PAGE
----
I have always admired Reginald D Hunter as a comedian who is controversial in the right way, and on Twitter and in interviews he comes across as a genuinely decent person. So I was hoping that the negative reviews the tour has received so far had just been based on bad nights and that this would be an opportunity to see a real master of the art at work.
The evening started somewhat unsteadily, with support act Tom Rhodes.
In contrast to his nonchalant friend, Hunter came on beaming, giving the air of someone who was truly happy to be onstage. He established an instant, easy connection with the audience and set about confronting the audience's Britishness with some sharp and downright hilarious lines. His observations when it comes to race are brilliant: drawing out self-aware laughs-in-spite-of-ourselves from the predominantly white crowd in a way that is not confrontational because of his natural likeability and charm.
This is a highly personal show, drawing a huge amount from Hunter's natural responses to events in his own life and his various relationship struggles, predominantly with his family. The show is called Facing The Beast, and he never explicitly names what the beast is, although at one point he alludes to there being multiple beasts, one of which is the deeply-ingrained and overt racism which still exists in the American Deep South - specifically his home turf of
I think the main beast Hunter is facing is that of fatherhood, being in the relatively unusual position of meeting his daughter for the first time now she is 17. Her many questions for him have prompted some recent self-reflection and in this he produces many interesting insights - and a few disappointing oversights. For example, his discussion of the Me Too movement, again from a highly personal perspective, seems somewhat to undermine the movement's motivations. Hunter was, so he claims, falsely accused of 'misconduct' by an ex who had reason to resent him, and who apparently threatened to end his career. Having built up the audience's trust, he has put us in the difficult position of seeing exactly where he is coming from, and yet, as my friend eloquently pointed out, it wouldn't have taken much to add a caveat acknowledging the seriousness of most such accusations.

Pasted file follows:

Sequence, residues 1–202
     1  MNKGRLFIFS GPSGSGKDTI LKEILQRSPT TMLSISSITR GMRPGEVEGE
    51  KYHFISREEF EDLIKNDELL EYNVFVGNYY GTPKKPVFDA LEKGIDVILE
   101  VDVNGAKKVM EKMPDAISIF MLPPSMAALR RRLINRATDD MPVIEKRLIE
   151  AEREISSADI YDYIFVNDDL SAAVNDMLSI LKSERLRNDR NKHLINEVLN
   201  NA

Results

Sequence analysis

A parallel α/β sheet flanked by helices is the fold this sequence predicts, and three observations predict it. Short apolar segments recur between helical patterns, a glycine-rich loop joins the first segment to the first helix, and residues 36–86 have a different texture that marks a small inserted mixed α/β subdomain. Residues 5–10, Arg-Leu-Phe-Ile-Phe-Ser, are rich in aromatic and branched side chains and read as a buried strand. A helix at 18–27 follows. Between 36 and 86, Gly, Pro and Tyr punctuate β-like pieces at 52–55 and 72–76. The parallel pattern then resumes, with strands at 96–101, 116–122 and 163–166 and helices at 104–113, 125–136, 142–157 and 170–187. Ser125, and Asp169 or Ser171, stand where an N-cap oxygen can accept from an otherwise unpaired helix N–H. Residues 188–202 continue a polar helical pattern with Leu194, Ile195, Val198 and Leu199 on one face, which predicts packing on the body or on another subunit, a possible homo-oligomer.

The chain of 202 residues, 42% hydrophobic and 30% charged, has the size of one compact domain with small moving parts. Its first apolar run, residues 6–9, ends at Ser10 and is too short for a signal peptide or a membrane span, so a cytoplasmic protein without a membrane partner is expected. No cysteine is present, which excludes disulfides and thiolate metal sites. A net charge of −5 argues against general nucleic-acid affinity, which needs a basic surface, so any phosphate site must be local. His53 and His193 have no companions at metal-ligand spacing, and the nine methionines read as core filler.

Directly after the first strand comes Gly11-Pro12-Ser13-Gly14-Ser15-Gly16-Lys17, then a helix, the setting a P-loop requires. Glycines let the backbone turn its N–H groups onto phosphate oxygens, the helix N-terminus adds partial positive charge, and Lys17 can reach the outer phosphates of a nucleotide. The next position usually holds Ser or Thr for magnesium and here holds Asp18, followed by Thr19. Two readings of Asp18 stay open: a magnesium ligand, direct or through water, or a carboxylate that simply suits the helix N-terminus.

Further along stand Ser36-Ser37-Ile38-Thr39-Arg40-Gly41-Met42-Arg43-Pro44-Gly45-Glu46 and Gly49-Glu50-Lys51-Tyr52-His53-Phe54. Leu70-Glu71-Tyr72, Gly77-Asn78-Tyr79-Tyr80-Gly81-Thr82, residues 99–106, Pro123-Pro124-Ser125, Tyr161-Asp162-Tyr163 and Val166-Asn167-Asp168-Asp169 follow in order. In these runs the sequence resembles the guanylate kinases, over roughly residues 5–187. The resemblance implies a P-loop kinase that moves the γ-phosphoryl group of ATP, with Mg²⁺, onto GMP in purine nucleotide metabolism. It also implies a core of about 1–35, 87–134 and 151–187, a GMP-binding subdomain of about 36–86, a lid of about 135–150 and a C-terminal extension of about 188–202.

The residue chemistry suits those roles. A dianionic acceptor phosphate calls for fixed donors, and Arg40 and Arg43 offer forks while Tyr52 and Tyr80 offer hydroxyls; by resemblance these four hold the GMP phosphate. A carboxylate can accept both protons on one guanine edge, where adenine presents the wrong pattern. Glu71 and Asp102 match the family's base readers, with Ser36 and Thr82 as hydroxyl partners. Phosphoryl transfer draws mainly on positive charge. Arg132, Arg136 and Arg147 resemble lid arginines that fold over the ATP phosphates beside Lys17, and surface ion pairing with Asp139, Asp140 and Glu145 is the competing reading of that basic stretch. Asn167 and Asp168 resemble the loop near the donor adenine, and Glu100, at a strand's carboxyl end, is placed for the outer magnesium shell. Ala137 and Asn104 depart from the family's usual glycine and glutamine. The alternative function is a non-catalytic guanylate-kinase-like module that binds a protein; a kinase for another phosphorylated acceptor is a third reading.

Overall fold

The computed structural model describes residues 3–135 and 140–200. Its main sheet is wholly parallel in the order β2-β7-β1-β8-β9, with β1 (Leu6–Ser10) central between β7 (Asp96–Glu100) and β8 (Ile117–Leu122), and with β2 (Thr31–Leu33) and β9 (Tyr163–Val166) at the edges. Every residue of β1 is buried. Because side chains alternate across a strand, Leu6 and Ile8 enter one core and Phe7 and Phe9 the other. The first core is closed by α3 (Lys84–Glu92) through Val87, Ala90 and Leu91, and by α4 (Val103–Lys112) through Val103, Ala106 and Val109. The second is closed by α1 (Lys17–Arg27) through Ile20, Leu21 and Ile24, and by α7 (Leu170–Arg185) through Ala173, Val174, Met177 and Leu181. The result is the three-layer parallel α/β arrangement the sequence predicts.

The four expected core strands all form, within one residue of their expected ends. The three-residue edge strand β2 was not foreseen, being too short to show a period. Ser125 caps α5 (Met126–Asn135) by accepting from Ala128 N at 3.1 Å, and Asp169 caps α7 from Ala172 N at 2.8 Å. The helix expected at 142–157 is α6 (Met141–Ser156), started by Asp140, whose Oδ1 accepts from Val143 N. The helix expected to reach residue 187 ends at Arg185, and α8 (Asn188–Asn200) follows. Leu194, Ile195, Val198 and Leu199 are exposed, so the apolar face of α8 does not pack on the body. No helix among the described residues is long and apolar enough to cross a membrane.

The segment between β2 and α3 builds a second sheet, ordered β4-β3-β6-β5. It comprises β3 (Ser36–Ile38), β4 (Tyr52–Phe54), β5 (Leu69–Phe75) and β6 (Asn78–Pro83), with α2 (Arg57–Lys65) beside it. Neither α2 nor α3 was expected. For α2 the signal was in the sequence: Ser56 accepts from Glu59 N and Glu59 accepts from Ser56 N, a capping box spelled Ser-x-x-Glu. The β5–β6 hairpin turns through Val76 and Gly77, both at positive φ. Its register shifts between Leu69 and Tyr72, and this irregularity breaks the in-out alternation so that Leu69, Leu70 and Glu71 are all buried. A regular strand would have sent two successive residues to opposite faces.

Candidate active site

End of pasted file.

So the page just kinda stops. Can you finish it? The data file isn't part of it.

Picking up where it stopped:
While these hard-hitting subjects were handled more sensitively by Hunter than by many less skilled comedians, there were definitely moments when the amount of tension that was built up did not have the right amount of payoff when the punchlines came, which is surprising for a comedian of this level of experience and calibre.